Trattoria Il Borgo Dell'Arusnate

Go to content

San Giorgio

Pieve di San Giorgio


Surrounded by vineyards and olive trees, San Giorgio belongs the municipality of Sant’Ambrogio, in west Valpolicella valley, few kilometres far from Verona and Lake Garda. The village lies on top of a hill embracing the church and it is built with the same chalky stone it lies upon. San Giorgio is popularly called “Ingannapoltron” (deceiver of the lazy walker) because of the false perspective the village shows from the foot of the hill. The view from here is amazing, stretching from the Valpolicella to Lake Garda, Verona and the Apennines on the clearest days. It is possible to go for pleasant walks or mountain-bike tours, among the marble caves and the vineyards around San Giorgio.


The Arusnati people lived in Valpolicella in the Roman and pre-Roman times, occupying the area that goes from north Verona to the ditch of Ceraino or, according to a second hypothesis, to Ossenigo in the Valdadige. They established here their settlements around V b.C. and they developed their agricultural skills. In the Longobard times San Giorgio became curtis regia but still remained the centre of the Pagus. The Arusnati are believed to be of Gaulish-Celtic origin and their gods had very unusual names, absent in other peoples’ religions.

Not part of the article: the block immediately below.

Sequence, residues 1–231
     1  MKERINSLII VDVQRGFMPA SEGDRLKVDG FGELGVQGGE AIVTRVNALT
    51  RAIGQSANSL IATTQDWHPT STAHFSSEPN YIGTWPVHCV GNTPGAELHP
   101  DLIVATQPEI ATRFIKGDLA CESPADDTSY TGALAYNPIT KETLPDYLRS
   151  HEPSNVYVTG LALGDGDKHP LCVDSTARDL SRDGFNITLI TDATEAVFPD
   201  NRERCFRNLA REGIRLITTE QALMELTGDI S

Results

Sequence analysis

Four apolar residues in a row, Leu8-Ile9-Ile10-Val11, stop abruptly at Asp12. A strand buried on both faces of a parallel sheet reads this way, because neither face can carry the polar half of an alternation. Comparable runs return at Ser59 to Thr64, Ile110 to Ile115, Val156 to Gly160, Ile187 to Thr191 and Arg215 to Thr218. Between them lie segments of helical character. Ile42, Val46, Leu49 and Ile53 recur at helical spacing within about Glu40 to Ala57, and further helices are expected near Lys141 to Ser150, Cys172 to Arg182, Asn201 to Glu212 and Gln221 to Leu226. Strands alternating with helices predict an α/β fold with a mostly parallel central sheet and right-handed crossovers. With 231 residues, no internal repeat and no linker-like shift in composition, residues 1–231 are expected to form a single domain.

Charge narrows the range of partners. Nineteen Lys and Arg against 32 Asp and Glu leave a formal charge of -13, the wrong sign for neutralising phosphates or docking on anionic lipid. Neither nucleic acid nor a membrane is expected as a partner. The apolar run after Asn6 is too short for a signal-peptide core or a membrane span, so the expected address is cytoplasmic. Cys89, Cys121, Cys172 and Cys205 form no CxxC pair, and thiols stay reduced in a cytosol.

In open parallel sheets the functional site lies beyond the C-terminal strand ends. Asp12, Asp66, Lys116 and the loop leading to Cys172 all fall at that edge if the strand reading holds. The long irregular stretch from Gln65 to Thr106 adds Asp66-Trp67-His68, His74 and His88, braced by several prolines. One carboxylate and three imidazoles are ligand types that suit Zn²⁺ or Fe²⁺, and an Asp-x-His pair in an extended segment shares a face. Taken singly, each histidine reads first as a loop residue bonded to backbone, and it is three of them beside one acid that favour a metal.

Most curiously a pagan cult of the Arusnate civilization is celebrated even today on the second Sunday of November. This rite is based on the belief the Arusnati had in the resurrection of the soul and it closes the commemoration of the dead. The broad beans, sprouting in springtime, were a symbol of resurrection since it was believed that the souls wouldn’t die with the death of the body. During this celebration, some participants prepare and distribute the typical soup of broad-beans and they wear traditional costumes of this age. The Arusnati are also recalled in the memory through songs and dance

La Festa della FAE


The Pieve Romanica (Romanic church) in San Giorgio is the most important and well-known sacred monument of the Valpolicella valley. It is a beautiful church built around 700 a.C. with local stone by the christianized Longobards on the ancient remains of a pagan temple. An evidence of these origins is the base upon which a column of the aisle: a sacrificial altar dedicated to the Sun and to the Moon, exploited to build the church. The Pieve is characterised by two apses because of the re-orienteering of the church effected in 1200. Of the former structure you can see the apse that is the present entrance and the western walls, while the steeple has been totally re-built. The decorations of the three-aisled interior show the “Crack of Doom” of the ancient apse and the aedicule (712 a.C.) of the high altar, the most important Longobard monument in the Veronese territpry.

Our Trattoria | Menu | Find US! | San Giorgio | Contacts | Site Map

Back to content | Back to main menu